My first astro photoLet's start with a philosophical question: What is someone's first astro photo? Any photo that shows a celestial object? That could be any photo that shows the moon or even any photo including the sun. Or is it a photo that shows a portion of the night sky? Solar photography does not and still is a part of astro photography. Well, I'd say it is a personal and emotional selection, the one that feels like or was intended to be an astro photo is one. In my case I collected some information about stacking images and calibration frames and downloaded Deep Sky Stacker and then took my tripod an my prime lenses and drove to a dark place. It was quite dark actually and spooky because all of a sudden there was a noise. It was somehow mechanical and came closer quickly. I barely succeeded in turning my torch on as the stupid and probably drunken bicycle driver almost crashed into my tripod. He did not even respond to my clear advice that turning the light on might save him and others from trouble. For safety reasons I drove to a slightly brighter place where I could put the tripod on a field and not on the road. When I got home I fed the images and calibration frames into Deep Sky Stacker.
Ladies and gentlemen, here you see the constellation of Orion: (Click for full screen view)
Well, to me a single shot without the calibration frames and Deep Sky Stacker did not look much different. I took another attempt at home, shooting through a roof window. Today I know that you must never do that because window glass can significantly degrade the image and cause refection. Shooting next to houses is not a good idea either because warm air is rising from houses causing bad seeing. I took far more subs and used a longer focal length: 90mm, the best prime I have:
Wooohooo! The red and green bat in the center is the Great Orion nebula. The blurry white spot next to it is the running man and on close inspection you even see the flame nebula next to Alnitak, the left star in Orion's belt. I felt I was interested in the topic but the image is not that mind blowing. Probably better gear is needed. That was in December 2016. So I started my research. I got myself a "Select and understand your first telescope" book, studied many websites, phoned two major online shops' hot lines and invested about 2.5k Eur in my first imaging rig: a GSO RC6 on a Celestron AVX and three eye pieces for visual. From today's perspective (2019) I must say the shop guy fooled me. It all comes down to the old principle of someone just wants your money and is not interested in what you want. Anyway, this was the start and here is what I feel is my "first REAL astro photo" because it was taken with a telescope on a mount:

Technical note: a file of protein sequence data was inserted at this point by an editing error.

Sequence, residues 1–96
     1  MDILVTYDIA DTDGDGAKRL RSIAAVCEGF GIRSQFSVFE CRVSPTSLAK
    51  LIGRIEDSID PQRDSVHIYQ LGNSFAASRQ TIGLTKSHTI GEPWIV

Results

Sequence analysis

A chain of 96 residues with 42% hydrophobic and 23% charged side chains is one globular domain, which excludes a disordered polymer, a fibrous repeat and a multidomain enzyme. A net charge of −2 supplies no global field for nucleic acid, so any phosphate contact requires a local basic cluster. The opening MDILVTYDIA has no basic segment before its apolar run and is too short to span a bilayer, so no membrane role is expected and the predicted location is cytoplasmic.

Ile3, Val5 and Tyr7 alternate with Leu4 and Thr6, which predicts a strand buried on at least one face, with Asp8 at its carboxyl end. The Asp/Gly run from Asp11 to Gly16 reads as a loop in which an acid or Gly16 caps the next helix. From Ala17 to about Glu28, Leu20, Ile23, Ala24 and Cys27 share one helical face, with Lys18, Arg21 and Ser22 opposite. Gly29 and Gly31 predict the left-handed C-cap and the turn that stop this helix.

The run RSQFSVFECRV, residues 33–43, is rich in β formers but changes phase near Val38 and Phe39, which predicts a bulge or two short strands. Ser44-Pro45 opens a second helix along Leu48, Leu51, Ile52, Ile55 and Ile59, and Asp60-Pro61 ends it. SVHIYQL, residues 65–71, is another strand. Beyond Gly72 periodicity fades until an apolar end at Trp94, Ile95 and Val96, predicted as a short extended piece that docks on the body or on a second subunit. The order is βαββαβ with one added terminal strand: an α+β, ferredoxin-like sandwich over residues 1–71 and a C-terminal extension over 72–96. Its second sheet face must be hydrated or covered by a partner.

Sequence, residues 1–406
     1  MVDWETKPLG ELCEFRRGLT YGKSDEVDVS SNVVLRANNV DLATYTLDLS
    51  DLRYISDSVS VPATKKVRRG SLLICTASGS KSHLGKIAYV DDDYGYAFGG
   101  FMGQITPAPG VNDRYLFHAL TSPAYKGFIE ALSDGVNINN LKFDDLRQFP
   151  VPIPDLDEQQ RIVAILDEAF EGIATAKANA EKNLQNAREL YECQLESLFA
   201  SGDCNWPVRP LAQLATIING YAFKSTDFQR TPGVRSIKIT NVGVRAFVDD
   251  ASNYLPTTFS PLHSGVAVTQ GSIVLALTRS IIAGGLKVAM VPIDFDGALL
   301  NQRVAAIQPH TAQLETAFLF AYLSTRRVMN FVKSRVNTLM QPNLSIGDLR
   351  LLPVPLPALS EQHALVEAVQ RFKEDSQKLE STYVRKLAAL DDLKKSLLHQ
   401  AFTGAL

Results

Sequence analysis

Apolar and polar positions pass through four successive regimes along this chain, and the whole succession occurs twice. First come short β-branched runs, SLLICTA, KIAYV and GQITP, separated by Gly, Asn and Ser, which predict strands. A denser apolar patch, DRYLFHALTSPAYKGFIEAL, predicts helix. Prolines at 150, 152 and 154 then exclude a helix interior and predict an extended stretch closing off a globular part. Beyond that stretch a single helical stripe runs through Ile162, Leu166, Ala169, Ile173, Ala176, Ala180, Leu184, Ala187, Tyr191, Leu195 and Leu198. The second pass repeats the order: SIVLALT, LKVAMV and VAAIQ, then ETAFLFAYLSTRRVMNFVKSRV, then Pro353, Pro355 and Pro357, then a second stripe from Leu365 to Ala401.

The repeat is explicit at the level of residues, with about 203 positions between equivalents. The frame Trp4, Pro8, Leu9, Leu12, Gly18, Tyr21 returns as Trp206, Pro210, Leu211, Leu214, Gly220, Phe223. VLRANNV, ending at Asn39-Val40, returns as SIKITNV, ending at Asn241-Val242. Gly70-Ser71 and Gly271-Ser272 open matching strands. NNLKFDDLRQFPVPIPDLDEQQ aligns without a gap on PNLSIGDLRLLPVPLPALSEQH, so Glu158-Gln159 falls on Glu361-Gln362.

As I know now stars do not look like bullet holes. It needs some care to keep them in shape when processing. Here is the same image reprocessed one year later with a dedicated astronomy software and a bit more experience:
As always the internet is full of images of anything, including this object. It feels good to find lots of them that look far worse than your own work and it causes some pain to see what the pros' images look like. I have a tendency for perfection that I'm trying to get rid of, so I stopped comparing my images to the Hubble Space Telescope. They are cheating, not imaging through the atmosphere. And so do all the astronomers on mountains. Still I found better images taken under the same poor circumstances that I have in crowded central Europe. The considerate reader might be missing the auto guider in the above gear list. True. Auto guiding helps a lot. Furthermore the focal length is too large, too large for the mount and too large for my seeing. Oversampling was once a magic word when CD players came to market, but when imaging oversampling does not help at all. The first piece of gear that improves the image is the auto guider, the second one is called a focal reducer:
This is exactly 1 year and 15 days after the first image. After that I learned that guiding with a guide scope does not work for the scope because it's primary mirror is moving. Off axis guiding was the cure. Meanwhile, after one more year, I have sold all the initial gear and invested in better hardware. Now I have a bigger mount and two cameras and two telescopes. I enjoy this hobby very much and I do not regret a single cent or a single minute. The only thing I do regret is that I did not invest a bit more in the first mount. If someone tells you to invest as much as you can in the mount: that's true.
Update: Jan. 2020, 3 years after the first image, this time with a shorter focal length and a new camera:
Thanks for reading!
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